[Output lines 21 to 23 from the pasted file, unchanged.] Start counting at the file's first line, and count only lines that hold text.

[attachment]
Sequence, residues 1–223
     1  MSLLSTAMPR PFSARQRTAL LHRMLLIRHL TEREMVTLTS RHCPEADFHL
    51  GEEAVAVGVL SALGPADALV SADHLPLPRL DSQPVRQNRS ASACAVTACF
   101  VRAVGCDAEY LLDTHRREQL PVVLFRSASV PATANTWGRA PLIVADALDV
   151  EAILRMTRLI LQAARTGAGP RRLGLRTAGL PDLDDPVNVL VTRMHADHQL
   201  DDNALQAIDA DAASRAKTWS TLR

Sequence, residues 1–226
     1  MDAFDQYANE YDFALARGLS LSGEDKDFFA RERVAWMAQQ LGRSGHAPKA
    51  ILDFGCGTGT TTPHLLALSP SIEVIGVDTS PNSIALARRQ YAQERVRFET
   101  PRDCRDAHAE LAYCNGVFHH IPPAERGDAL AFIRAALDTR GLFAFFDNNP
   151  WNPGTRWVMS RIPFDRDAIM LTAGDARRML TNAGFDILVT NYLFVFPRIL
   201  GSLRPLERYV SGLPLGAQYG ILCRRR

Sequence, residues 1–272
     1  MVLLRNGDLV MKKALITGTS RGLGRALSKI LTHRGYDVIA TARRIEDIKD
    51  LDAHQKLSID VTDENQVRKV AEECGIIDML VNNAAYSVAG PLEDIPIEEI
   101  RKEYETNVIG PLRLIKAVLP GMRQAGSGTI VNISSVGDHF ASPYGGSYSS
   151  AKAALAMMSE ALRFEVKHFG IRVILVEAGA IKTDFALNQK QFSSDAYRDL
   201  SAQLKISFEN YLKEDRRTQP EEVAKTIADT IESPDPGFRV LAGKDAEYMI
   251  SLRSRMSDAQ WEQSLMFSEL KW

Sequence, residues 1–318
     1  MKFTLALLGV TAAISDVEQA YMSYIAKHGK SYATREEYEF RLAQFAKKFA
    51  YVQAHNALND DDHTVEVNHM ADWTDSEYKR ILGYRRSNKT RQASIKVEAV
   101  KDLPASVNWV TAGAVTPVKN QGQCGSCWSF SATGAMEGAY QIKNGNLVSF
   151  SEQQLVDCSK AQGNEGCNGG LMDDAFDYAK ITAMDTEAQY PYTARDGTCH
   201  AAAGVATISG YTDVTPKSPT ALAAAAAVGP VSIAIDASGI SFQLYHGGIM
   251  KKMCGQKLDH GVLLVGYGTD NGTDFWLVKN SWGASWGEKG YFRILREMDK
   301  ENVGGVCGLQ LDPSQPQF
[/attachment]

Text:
     1  MKFTLALLGV TAAISDVEQA YMSYIAKHGK SYATREEYEF RLAQFAKKFA
    51  YVQAHNALND DDHTVEVNHM ADWTDSEYKR ILGYRRSNKT RQASIKVEAV
   101  KDLPASVNWV TAGAVTPVKN QGQCGSCWSF SATGAMEGAY QIKNGNLVSF